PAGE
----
dremoranightmares:

laughhard:

And they said college would be harder than high school…

i am dying to know what jerry and robby did to invoke the wrath of the professor

Dear College Students

ardatli:

battlestardidactica:

bobbityhobbity:

(In the United States, that is.)

This is a reminder that, statistically, half of your professors are adjuncts, which means that they work part time, at an average of $2500 per course (not per credit hour, per COURSE, for an ENTIRE SEMESTER), which in some areas amounts to less than minimum wage. In order to make ends meet, many adjuncts work at multiple campuses, teaching up to seven classes at a time. They have to be re-hired every semester. They have to wait until the registration period is over before finding out if they will get any classes to teach. They make up substantially more than half of the instructional workforce at some institutions, but they have no role in governance, no voice with the administration. In many cases, they have no library or computer privileges, no professional support, and no office in which to meet with you.

Adjunct faculty are disproportionately women and people of color

If you think this likely has an impact on the quality of the education for which you are paying increasingly exorbitant tuition, then you are correct. You and your parents owe it to yourselves to find out what your university’s adjunct hiring practices are. If you are a high school student considering higher education, ask administrators for this information and let them know that it matters to you. Support the efforts of adjuncts to unionize. Universities in the US increasingly operate on the retail model of education. They see students and parents as the customer, and the best way to get them to change is to let them know that the customer is not happy. 

from what i was told by contract professors, my university took student course evaluations very seriously and they had an impact on whether professors’ contracts would be renewed or whether they had a chance of moving into a tenure track position. i don’t know if this is the case at every institution. but by my third year of university, i established a personal policy of giving glowing course evals to any adjunct/contract professor who wasn’t a complete dick or completely incompetent (and in so doing discovered that the complete dicks/completely incompentent profs that i encountered were, without exception, tenured and on the sunshine list).

even if the contract prof who taught my class was only so-so, the question i always asked myself was always how did this professor perform relative to their below poverty-line wages? and the answer was literally always 15 out of 10, how the fuck did they manage to pull this off with this much grace and humour?

what i wish i’d learned much, much earlier in my university career: if you have an adjunct professor that you love, ask them if there are ways you can best support them professionally, whether it be filling out course evals or signing petitions or making sure to email them 72 hours before you need an answer or putting pressure on the university or showing up at the picket lines when their union is on strike! you might be surprised by the small low-effort practical steps you can take to make their lives a little easier.

This is absolutely correct. 

I am an adjunct, have been an adjunct for years, and my student evals + my union seniority are the only thing keeping me on the hiring list. I am SO FUCKING LUCKY to have a union here that works for me, and knowing what can happen even with that formal support system, I cringe at the thought of what non-unionized part-time academics have to deal with.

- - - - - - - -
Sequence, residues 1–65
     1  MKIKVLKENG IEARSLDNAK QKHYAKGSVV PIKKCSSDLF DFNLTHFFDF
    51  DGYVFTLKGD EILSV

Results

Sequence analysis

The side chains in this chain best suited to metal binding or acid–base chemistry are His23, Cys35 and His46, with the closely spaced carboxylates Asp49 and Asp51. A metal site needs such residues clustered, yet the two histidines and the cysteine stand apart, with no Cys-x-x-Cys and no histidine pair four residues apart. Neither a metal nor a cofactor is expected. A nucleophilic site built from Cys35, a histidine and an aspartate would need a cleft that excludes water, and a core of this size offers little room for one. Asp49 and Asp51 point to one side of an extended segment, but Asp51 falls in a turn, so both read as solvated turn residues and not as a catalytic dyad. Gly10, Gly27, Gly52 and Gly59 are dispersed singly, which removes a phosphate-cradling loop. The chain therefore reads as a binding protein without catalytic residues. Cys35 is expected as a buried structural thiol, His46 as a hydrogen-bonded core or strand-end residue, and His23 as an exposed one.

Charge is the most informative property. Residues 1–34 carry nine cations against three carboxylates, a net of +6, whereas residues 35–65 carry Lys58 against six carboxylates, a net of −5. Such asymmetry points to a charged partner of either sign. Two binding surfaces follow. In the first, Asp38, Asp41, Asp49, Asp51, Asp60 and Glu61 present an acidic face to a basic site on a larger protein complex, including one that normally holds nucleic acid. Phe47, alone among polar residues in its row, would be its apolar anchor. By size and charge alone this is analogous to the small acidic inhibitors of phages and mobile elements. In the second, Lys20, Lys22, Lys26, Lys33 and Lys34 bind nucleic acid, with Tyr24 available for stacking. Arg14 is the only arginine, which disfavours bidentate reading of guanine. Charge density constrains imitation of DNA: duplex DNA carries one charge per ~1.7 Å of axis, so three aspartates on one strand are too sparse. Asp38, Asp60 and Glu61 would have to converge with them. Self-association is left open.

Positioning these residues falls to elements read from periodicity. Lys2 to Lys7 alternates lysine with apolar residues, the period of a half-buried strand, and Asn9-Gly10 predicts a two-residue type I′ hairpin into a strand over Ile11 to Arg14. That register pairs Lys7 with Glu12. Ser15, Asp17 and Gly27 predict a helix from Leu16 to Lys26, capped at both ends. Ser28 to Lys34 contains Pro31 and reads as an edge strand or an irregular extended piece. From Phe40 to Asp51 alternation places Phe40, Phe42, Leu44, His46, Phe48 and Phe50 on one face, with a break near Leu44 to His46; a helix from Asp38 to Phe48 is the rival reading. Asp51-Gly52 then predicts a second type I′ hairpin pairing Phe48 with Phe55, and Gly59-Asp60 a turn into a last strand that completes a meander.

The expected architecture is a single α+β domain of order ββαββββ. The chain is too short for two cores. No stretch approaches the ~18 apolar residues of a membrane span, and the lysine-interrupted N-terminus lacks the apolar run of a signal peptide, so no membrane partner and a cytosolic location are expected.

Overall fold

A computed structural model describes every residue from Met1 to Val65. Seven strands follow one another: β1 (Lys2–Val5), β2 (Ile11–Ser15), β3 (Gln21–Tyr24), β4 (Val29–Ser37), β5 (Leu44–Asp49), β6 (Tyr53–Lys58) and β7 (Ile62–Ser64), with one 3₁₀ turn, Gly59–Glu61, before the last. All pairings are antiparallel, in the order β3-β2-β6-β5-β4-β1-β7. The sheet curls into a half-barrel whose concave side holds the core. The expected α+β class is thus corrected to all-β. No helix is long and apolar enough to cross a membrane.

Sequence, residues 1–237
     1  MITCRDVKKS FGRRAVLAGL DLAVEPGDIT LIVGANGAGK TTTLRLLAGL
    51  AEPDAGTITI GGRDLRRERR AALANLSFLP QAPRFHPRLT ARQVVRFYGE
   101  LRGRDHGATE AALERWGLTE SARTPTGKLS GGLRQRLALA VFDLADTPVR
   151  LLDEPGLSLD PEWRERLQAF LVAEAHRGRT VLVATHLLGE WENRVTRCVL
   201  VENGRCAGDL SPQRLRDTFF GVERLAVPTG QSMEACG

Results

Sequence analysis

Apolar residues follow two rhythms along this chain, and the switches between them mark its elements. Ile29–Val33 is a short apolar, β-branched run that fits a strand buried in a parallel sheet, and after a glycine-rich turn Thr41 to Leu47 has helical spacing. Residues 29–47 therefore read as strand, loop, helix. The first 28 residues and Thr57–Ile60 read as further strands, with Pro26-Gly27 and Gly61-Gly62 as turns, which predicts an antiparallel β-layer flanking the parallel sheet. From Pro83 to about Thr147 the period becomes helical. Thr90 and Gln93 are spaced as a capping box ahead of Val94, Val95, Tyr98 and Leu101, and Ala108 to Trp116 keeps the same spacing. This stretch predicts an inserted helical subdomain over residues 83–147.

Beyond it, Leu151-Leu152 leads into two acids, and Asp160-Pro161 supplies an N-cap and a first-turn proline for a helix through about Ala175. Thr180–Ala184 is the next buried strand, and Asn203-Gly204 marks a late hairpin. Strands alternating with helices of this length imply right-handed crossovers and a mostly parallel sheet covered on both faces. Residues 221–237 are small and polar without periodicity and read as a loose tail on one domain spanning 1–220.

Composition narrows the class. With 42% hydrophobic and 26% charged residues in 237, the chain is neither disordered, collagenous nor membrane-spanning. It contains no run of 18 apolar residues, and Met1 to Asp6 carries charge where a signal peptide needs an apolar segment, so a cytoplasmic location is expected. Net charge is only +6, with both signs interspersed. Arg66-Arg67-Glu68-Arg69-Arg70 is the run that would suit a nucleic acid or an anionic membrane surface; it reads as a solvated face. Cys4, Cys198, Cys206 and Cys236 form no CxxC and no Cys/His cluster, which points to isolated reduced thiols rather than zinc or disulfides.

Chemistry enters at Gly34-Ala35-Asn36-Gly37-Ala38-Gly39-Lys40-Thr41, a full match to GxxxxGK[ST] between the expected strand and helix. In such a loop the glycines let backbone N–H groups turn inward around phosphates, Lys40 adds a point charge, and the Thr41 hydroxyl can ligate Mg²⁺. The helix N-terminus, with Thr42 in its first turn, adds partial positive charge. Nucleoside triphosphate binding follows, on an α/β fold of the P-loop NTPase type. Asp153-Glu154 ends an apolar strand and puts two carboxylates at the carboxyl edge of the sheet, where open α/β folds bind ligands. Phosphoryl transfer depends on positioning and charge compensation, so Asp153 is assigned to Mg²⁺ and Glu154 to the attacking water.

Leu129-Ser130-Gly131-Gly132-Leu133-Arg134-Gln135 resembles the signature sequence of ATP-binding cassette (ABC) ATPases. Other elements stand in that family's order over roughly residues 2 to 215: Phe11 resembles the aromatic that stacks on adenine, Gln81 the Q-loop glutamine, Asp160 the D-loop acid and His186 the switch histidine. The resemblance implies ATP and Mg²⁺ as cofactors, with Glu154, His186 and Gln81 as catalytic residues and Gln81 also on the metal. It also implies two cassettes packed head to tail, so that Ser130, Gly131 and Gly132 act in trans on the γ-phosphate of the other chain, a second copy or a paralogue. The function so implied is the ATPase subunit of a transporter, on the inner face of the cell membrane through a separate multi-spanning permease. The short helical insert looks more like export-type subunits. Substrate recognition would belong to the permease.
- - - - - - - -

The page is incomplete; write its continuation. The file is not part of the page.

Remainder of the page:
Honestly good evaluations and letters of support are absolutely invaluable. If you even take two minutes at the end of a semester to write a ‘thank you for teaching’ email to a professor you liked, that can go in their hiring file and be used to support applications later on. 

Seriously. Even something as simple as “I wanted to write and thank you for the essay help you gave me this term. It was really useful” or “Thanks for being there during office hours – loved being able to stop in with questions” or whatever true thing you appreciated can make a huge difference, with minimal effort.

As an adjunct, I can attest that this is 100% true.  I’m actually not sure how much my university counts its student evaluations, but I know that my boss definitely takes student opinions into account when deciding who to offer classes to the next semester.  So, yeah, positive student evals are definitely helpful.

As for the other, over the past several years, I’ve had several students ask if I’m teaching the next level course to the one I currently had them for and then be disappointed when I told them ‘no’.  As flattering as that is, though (and it is, don’t get me wrong!), a quick email to the department head who decides who’s teaching what, telling them that you really felt you benefited from this professor’s teaching and would love to sit another class with them would go even further than my being flattered. 

But even if you don’t feel comfortable doing that, please at least let your professors (especially adjuncts) know if they mean something to you.  Because at the end of a long day in a longer week in an even longer semester, getting paid crap money to work long hours for little to no thanks, and being in a constant state of worry that I may not have income the next semester… hearing a student tell me that I’ve made a difference for them goes a LONG way.